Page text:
Middle Eastern Millionaire’s Shortbread (print recipe here)
Makes: 16 bars
Notes (from the book): The shortbread layer can be made up to 4 days in advance and stored in an airtight container. It also freezes well. The bars will keep for up to a week in an airtight container in the fridge. Remove 20 minutes before serving, to take off the chill. (I personally prefer the bars at room temperature.)
1/4 cup plus 1 tbsp/40 g confectioners’ sugar
31/2 tbsp/35 g cornstarch
21/2 tbsp/40 g granulated sugar
3/4 cup/170 g unsalted butter, melted, and set aside to cool slightly
½ tsp vanilla extract
2 cups/250 g all-purpose flour 1/8 tsp salt
7 oz/200 g halva, roughly crumbled into small pieces
1/3 cup/70 g tahini paste
1 cup/200 g granulated sugar 1/2 cup/120 ml water
7 tbsp/100 g unsalted butter, at room temperature, cubed
1/3 cup/80 ml heavy cream 1/3 cup/70 g tahini paste
¼ tsp flaky sea salt
Preheat the oven to 400°F/200°C. Line an 8-inch/20-cm square pan with parchment paper, making sure that the paper rises up over the edges of the pan.
To make the shortbread, sift the confectioners’ sugar and cornstarch into the bowl of an electric mixer with the paddle attachment in place, then add the granulated sugar and mix on medium speed. With the machine still running, slowly pour in the melted butter and beat until combined. Add the vanilla extract and turn the speed to low, then sift in the flour and salt and continue to beat until the dough comes together. Tip the mixture into the pan and use your hands to pat and even out the surface. Bake for 25 minutes, or until golden brown. Remove from the oven and set aside until completely cool; this will take an hour or so, so don’t start making the caramel too soon or it will have set by the time the shortbread is cool.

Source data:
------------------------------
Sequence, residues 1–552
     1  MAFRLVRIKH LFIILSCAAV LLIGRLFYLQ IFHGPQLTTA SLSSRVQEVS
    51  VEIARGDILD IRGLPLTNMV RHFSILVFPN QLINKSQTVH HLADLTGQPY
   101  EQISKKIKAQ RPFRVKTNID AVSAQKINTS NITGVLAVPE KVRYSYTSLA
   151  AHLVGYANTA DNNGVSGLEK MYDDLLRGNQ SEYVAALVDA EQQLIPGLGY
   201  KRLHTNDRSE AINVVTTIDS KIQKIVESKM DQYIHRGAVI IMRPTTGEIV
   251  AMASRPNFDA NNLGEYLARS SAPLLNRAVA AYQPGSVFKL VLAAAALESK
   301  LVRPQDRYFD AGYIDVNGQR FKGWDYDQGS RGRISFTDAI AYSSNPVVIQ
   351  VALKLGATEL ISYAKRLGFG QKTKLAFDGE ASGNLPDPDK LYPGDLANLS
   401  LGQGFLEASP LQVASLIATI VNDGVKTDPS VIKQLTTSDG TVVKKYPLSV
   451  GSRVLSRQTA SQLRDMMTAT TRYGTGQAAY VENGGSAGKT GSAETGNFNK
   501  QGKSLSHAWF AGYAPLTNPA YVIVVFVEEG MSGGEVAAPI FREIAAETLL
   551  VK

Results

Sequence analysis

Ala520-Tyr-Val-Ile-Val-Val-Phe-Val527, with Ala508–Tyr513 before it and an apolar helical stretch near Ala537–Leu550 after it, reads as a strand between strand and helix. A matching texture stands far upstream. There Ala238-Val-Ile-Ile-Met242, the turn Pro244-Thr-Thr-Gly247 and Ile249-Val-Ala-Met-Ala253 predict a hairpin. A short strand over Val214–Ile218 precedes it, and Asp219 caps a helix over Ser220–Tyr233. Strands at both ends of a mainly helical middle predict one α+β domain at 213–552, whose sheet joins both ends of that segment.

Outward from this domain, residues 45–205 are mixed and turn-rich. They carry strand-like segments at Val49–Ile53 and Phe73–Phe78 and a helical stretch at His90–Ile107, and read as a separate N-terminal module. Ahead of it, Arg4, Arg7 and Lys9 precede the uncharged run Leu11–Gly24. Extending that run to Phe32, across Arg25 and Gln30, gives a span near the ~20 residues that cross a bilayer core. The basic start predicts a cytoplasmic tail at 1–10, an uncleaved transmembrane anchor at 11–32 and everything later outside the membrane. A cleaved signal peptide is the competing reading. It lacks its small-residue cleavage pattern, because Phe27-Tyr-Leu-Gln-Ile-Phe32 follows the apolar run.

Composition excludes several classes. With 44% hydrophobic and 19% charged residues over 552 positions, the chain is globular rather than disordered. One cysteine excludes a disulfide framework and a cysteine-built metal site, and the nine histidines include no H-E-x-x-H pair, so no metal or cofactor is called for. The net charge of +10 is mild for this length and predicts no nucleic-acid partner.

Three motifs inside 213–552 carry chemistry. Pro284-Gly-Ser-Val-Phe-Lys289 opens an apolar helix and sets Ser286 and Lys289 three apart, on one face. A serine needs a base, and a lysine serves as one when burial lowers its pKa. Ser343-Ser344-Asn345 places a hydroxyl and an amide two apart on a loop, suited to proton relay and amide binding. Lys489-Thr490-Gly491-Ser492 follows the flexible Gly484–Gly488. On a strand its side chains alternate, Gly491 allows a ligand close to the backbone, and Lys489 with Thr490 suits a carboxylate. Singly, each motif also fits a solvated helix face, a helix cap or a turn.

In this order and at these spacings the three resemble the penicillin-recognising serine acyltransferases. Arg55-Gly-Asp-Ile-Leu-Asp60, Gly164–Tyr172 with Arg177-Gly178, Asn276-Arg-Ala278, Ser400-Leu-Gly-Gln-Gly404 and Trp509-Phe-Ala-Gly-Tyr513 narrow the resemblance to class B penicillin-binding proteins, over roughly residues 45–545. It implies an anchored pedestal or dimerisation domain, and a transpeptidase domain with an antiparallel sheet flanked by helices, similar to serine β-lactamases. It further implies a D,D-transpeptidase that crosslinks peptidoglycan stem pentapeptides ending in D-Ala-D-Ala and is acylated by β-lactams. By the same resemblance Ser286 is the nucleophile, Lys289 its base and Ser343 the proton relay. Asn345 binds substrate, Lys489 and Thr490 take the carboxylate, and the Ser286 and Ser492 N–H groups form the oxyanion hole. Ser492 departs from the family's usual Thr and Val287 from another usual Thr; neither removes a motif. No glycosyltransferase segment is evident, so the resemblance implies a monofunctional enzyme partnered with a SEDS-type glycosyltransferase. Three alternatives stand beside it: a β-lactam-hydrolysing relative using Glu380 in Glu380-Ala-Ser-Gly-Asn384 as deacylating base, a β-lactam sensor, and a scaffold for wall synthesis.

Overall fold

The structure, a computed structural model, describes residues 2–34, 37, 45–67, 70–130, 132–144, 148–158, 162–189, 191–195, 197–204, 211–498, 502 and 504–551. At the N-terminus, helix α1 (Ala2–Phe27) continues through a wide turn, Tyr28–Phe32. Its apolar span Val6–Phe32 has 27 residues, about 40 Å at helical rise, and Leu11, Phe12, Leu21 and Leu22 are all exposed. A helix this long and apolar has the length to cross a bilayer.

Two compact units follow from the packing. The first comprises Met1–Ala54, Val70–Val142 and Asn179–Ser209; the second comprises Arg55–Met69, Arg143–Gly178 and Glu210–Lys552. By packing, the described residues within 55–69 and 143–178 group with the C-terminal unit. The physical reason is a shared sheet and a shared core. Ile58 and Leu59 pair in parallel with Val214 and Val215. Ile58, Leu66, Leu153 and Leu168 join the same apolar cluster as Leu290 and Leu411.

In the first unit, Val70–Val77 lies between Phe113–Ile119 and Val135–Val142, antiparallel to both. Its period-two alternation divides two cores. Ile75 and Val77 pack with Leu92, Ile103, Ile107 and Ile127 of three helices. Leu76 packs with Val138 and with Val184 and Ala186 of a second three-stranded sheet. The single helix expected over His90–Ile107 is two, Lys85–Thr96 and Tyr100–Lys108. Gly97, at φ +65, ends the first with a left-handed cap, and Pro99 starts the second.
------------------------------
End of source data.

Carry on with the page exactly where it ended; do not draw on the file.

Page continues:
To make the halva, place the halva and tahini in a small bowl and mix with a wooden spoon to combine. Spread the mix over the cooled shortbread and use the back of a spoon to smooth it into an even layer.
To make the tahini caramel, combine the sugar and water in a small saucepan and place over medium-low heat. Stir occasionally, until the sugar has dissolved, then increase the heat to medium-high. Bring to a boil and cook—still at a boil—for about 12 minutes, until the sugar is a deep golden brown. Remove from the heat and add the butter and cream; take care here, as the mixture will splutter. Whisk to combine and, once the butter has melted, add the tahini and salt. Whisk to combine again, then pour evenly over the halva layer in the pan, so that all of the halva is covered.
Place in the fridge for 4 hours until set, before cutting into bars, about 1 x 4 inches/ 3 x 10 cm. Sprinkle a pinch of sea salt over the middle of each bar and serve.
Copyright ©2017 by Yotam Ottolenghi and Helen Goh. Photographs copyright ©Peden+Munk. All rights reserved. Published in Canada by Appetite by Random House®, a division of Random House LCC.